Fourth Grade - Sample week at a glance


How can I distinguish between fact and speculation? Last week students tested their reflexes in an experiment that helped them discover the connection between sensory nerves and movement nerves. We will be using this experiment as the foundation for lessons about the scientific process in preparation for the science fair. Students were also introduced to the Google Classroom platform. Using Google Classroom, students can access and submit assignments and stay up-to-date on deadlines with the integrated Google Calendar function. They have been instructed to currently only complete assignments posted on Google Classroom at school, and not work ahead at home.

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Students shared they were excited to use this platform as it helps them become more independent and organized learners. 


This week students will research background information for their science fair projects. We will discuss the importance of verifying sources and asking questions that can be investigated. As a reminder, the fourth-grade science fair will take place on Wednesday, April 15, 9-10am. We look forward to seeing families in attendance!


If four students share three sandwiches equally and five students share four sandwiches equally, do all nine students get the same amount of sandwich? Why or why not? What happens if eight children need to equally share six sandwiches or five students need to share six sandwiches? How do these answers compare to the amount of sandwiches the students in the previous problem received? This week, students will continue to explore real-life contexts in which fractions are relevant. They will also begin to learn some strategies for adding fractions, while also making connections to decimals. Students will be given the opportunity to make their own set of fraction tiles and/or fraction circles. When given an object that represents a whole, how can you figure out how to divide the object exactly into halves, thirds, fourths, and fifths? Can you calculate how to divide the object into twelfths or sixteenths? A focus will be on the importance of keeping the parts of a whole equal. We look forward to another great week!

Literacy and Social Studies

How do presidential candidates ascend to the White House? Last week, students explored the processes of both the primaries and the general election, while also developing opinions on whether they prefer primaries or caucuses. They also chose a candidate to support in the 2020 election based not on name, but rather on their positions on issues ranging from climate change to higher education to healthcare. After learning which candidate most aligned with their ideals, they created campaign slogans and posters to hang in the school, giving them a taste of how exciting voting will be for them in eight years! This week we’ll transition back to American history by focusing on the 1930s. Through primary source documents, video, and experiential learning opportunities, students will develop a multifaceted understanding of the time period and how it impacted society.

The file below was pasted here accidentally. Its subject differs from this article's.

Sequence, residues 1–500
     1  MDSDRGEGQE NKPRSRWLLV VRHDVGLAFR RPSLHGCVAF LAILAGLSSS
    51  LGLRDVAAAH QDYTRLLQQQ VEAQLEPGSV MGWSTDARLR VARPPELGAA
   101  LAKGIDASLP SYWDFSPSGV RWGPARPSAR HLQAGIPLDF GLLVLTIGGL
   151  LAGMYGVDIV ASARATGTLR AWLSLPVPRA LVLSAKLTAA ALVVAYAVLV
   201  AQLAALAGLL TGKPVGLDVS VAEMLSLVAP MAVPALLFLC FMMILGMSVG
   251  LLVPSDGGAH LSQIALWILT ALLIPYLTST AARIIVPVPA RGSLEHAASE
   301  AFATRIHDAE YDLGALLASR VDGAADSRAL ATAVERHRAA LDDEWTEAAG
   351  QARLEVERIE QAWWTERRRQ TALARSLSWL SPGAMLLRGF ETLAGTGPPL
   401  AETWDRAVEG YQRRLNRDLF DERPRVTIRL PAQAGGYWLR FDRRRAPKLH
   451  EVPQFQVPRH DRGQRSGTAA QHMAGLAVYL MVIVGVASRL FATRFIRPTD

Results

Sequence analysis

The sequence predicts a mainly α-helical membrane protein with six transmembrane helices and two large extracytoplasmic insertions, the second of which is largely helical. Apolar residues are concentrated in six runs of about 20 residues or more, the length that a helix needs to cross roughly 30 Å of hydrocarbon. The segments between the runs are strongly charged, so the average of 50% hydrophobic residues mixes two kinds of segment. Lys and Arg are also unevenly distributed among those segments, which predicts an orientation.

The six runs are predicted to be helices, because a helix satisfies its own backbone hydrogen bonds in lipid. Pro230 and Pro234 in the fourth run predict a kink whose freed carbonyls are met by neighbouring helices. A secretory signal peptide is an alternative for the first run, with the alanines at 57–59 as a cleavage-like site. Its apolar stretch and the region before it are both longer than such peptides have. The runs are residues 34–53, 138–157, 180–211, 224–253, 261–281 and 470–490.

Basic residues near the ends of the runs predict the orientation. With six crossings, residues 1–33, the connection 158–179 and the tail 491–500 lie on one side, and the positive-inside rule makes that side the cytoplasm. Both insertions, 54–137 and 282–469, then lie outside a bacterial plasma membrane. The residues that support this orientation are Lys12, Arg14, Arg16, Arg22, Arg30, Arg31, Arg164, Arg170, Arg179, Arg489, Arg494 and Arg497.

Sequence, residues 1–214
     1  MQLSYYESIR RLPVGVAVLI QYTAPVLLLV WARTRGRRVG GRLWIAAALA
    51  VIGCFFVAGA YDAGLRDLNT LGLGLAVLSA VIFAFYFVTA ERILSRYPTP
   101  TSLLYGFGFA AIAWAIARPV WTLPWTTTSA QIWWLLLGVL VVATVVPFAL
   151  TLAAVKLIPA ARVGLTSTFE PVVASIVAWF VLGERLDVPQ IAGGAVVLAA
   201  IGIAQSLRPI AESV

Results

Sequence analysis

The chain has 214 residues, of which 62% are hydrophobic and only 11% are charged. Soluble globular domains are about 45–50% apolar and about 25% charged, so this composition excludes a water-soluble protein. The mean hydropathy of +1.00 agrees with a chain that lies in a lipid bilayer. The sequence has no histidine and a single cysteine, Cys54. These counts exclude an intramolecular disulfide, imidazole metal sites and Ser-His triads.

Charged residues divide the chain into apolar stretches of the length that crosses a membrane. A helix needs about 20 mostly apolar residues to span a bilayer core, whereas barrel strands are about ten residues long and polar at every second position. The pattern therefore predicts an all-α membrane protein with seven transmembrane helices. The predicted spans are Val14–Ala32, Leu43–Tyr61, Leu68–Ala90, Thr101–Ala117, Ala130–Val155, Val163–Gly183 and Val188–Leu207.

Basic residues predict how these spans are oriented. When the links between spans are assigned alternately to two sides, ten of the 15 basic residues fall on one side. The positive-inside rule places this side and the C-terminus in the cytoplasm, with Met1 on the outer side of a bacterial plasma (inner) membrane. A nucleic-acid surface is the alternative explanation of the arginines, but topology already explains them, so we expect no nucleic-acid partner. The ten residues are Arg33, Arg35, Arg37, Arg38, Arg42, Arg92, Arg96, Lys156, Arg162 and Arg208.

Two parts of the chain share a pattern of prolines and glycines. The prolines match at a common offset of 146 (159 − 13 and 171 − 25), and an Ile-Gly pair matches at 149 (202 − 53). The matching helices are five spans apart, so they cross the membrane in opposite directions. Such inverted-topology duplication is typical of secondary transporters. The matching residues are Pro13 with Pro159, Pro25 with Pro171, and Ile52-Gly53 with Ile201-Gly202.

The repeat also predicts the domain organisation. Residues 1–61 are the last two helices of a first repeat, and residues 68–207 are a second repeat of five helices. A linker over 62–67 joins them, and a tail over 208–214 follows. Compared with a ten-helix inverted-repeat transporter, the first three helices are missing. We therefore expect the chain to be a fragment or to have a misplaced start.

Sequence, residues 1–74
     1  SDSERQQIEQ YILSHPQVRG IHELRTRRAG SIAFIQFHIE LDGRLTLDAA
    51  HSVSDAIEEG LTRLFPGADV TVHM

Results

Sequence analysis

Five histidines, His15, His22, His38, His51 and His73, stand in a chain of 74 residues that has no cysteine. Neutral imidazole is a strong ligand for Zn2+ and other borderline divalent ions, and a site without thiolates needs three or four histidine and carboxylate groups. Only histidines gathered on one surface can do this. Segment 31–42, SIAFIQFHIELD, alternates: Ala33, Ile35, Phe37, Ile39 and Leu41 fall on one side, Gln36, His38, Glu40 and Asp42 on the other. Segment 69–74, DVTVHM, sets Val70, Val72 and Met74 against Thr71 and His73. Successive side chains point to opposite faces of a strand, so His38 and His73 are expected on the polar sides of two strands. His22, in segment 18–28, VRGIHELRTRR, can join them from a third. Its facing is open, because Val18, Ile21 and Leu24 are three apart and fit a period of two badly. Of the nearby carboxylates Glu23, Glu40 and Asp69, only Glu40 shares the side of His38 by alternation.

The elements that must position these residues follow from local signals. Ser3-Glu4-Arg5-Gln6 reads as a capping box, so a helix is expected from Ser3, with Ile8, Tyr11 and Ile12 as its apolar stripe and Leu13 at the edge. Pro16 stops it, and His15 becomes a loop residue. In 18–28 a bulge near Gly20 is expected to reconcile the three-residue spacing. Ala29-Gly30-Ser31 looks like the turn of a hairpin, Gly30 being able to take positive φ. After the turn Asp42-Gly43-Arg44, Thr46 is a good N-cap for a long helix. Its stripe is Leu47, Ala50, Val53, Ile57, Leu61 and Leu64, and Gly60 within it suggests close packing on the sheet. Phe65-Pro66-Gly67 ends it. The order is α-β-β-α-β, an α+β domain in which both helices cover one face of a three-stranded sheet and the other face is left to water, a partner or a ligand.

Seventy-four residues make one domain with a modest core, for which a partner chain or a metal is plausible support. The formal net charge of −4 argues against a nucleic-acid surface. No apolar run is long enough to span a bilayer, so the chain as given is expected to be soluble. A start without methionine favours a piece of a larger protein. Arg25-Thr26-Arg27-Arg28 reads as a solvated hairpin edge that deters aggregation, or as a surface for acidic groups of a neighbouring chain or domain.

How do people write poems well? Where does punctuation go in a poem? Can someone write a poem about anything? These are common questions for young writers when they experiment with writing poetry. This week students will review foundational poetry terms, such as line break, personification, simile, and imagery. They will then have an opportunity to creatively design two different pieces of found poetry art, one with words from magazines and the other with newspaper articles. 


Last week, we planted seeds and we will wait patiently for them to germinate.  This week, we will move into our unit on Ecosystems. In this unit, students will learn about the web of life and relationships in the garden.  We will build our own ecosystem web by having each student be a role, such as fungus, blue jay, ladybug, or worm, in the garden ecosystem. Students will toss a ball of yarn to each other explaining the direct or indirect relationship between the roles.  Once the web is created, we will take away roles and see what happens to the web. Students will explore the question: What role do humans have in the web? How can we help fix the broken web?


Fourth grade students are training their artist eyes in view and recreate still-lifes with a spin.  Each student will be creating a ‘soft’ still life out of cut fabric and paper, studying the items, determining light source, as well as shadows, and reflected light before translating into a composition.


This unit  in P.E. we will be playing more unconventional sports like ultimate frisbee, wall-ball, and a mixture of the two. There will be an opportunity for the students to create rules and regulations for the games to help better the experience. 


This past week in drama, fourth graders held a mock election where they created campaigns for 6 of the characters from As You Like It and Commedia dell’arte.  I am proud to say we had 100% voter participation, and two of our elected officials were women. Colombina, a smart strong woman who offered equal rights, and Rosalind who promised gender equality and protection of nature. This week we will not have drama, due to the C4 day, but will begin  to create an original play for The Spring Drama Performance the following week. 


Next week 4th grade students will learn the full C major scale on the recorder. While this is jumping ahead in our packet, it will give students a head start for the next couple of tunes  to come. We'll also continue singing the song "I've Been Working On The Railroad.”


Fourth grade will be learning about the weather. They will be writing full sentences describing the weather in each month/season with the aid of the vocabulary previously learned. Repetition is key so feel free to practice with your child at home!

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